My daughter was just shy of nine years old when she began playing Minecraft.

If you are not aware of Minecraft, think of it as digital Legos for Generation Z. It is a ‘sandbox’ game – players are given a near-blank slate. They create their own adventures, challenges, structures, and environment, with blocks as their tools. If you are reading this article, you are probably aware that Minecraft is huge in the tween crowd. You might be a parent who has bought one of over 70 million copies sold across game consoles, computers, and tablets.

At some point, my daughter’s desire to play Minecraft overtook competing entertainment options. Frankly, I found Minecraft to be a better use of her allotted computer time than watching tween-focused videos on YouTube. She then began discussing Minecraft with her cousins and school friends, and started playing together with them. Minecraft was no longer a solitary experience for her, but her interest was still limited to the game itself.

Then, something changed. She began to access instructional ‘Let’s Play‘ YouTube videos to hone her skills. Let’s Play gamers record themselves playing while talking along to narrate their experience. It was at this time my home was summarily infiltrated by a high-pitched, fast-speaking young man with a British accent and a crazy laugh.

I would hear him in the morning if my daughter was up before me. I would hear him when her friends or cousin were over. He would be on when I got out of the shower. He was driving me crazy! Who was this annoying YouTube personality who had invaded my living room, wielding a diamond sword and accompanied by a few sidekicks? He exists in a Minecraft world my daughter prefers to any concoction dreamed up by television, and his name is Stampylongnose.

Stampylongnose, aka Stampylonghead, aka Mr. Stampy Cat, real name Joseph Garrett, is 23 years old. The YouTube hits on his videos from pre-teens probably make popstar promoters so green with envy that they sprout grass. I found this disturbing. Who was this person who resided in my living room so often that I called him my computer’s ‘voice’?

I hit a search engine to embark on a research journey, to make sure Stampy was not a nefarious character wielding undue influence on my innocent offspring. He sounded like a high-pitched British Barney, sped up and doused with alcohol. Needless to say, I was concerned. I think a part of me was also hoping there would be something wrong with him, so I would have a legitimate reason to silence the voice that lived in my computer. I never anticipated that the results of my inquiry would land me as a fan of Stampy’s page on Facebook, scrambling to make a last minute trip to San Diego Comic-Con happen so my daughter could meet Stampy.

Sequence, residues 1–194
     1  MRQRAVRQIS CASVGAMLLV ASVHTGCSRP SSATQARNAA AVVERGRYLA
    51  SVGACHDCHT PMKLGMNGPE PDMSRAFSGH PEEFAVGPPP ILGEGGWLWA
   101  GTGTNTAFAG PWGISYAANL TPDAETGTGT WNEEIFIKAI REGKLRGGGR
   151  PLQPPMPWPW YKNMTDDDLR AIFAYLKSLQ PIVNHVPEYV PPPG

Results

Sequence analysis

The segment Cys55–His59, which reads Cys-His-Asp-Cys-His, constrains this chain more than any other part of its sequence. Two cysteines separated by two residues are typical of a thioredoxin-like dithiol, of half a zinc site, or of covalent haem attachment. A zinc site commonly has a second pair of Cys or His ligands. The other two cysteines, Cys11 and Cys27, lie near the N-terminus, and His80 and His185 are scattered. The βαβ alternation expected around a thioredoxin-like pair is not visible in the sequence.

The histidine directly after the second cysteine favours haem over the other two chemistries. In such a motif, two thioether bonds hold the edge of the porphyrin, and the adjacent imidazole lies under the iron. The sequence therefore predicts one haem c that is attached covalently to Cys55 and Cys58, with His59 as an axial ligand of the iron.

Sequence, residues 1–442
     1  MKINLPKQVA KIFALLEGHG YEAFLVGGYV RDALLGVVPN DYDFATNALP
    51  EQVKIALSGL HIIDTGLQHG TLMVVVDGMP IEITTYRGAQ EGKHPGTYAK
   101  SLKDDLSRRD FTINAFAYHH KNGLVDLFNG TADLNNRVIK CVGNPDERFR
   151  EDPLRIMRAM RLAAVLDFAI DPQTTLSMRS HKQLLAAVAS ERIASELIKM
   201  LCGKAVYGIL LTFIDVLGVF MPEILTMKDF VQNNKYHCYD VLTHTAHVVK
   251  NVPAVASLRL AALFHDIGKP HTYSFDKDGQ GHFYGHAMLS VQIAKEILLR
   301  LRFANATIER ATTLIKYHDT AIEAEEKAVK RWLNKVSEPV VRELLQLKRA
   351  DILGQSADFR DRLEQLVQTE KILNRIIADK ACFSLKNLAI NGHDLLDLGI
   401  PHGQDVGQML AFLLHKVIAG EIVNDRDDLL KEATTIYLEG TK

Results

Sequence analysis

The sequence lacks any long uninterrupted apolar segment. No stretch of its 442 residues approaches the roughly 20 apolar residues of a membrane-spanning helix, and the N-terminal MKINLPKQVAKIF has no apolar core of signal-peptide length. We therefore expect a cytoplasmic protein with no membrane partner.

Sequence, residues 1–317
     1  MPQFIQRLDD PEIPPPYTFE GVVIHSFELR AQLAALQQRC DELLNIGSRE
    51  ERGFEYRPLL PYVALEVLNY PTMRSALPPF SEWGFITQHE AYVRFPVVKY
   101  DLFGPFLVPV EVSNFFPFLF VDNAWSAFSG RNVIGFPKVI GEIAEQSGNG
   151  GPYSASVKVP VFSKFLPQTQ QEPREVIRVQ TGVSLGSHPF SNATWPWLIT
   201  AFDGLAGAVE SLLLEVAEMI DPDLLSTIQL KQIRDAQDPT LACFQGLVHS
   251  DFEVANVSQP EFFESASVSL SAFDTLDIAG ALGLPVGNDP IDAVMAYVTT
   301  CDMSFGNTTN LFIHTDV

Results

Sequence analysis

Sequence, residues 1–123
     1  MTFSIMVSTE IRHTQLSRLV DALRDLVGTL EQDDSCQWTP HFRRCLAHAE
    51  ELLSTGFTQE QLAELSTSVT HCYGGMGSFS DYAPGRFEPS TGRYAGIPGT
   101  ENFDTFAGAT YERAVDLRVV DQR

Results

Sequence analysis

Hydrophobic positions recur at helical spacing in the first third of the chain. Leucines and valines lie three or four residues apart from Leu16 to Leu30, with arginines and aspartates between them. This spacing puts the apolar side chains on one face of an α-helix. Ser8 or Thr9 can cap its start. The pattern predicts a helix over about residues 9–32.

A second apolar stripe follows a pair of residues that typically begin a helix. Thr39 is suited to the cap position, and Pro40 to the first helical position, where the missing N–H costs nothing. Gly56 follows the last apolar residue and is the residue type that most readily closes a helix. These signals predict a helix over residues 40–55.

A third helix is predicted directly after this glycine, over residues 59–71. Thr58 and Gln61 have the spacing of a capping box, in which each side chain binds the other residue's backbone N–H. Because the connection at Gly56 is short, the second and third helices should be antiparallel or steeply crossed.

In the midst of my journey, I accessed interviews with Mr. Garrett, who came across as intelligent, great with kids, and enthusiastic, with many positive attributes, none of which were annoying. As I became endeared to the ‘real’ Stampy, I began watching the Stampy videos with my daughter with new perspective. I no longer found him annoying. I felt bad for judging him. And, strangely, I too now look forward to the next Stampy video. What changed? I stopped hearing an annoying voice, and started listening. And I began to hear wonderful stories.

I now understand why Stampy is legendary in the tween and teenage crowd and why he has been in the top 10 most viewed channels on YouTube for months. He is simply an amazing modern storyteller. He is a natural with kids, and just because he is telling stories via instructional YouTube videos does not take away this appeal. If you are skeptical, watch his 2013 Christmas Special “Saving Santa” or his “Melon Moment” video.

His videos contain every element essential to a good story. They are wrapped in a kid-friendly package, delivered with genuine enthusiasm, and increase any child’s Minecrafting abilities. Why might parents embrace him? Unlike the pop stars who compete with him for a child’s attention, he does not behave or dress egregiously.

The culmination of my transformation into the latest Stampy fan occurred in July. I traveled to San Diego with my daughter so she could meet Stampy at the Maker Studios installation at the Nerd HQ event held adjacent to Comic-Con. I observed Mr. Garrett field questions from 10 year olds for more than an hour and a half, his enthusiasm never wavering. The Q&A was followed by a meet-and-greet in which preteens waited in line upwards of an hour for a chance to receive a picture and an autograph from Stampy. Thanks to his new line of merchandise and his plans to live part-time in Los Angeles, I suspect we will be seeing a lot more of Stampy across media platforms.

In a world where role models’ public personalities often take disastrous turns, I could not be more thrilled that my daughter has chosen to idolize Stampy. Whether they are ready or not, Gen Y parents are about to adopt a new pet. If he hasn’t already, Stampy will soon be invading your living room, too.

Rebecca Sahl is a UCSB graduate living and working in Los Angeles, CA who enjoys reading, writing, hiking, and watching videos about Minecraft in her free time.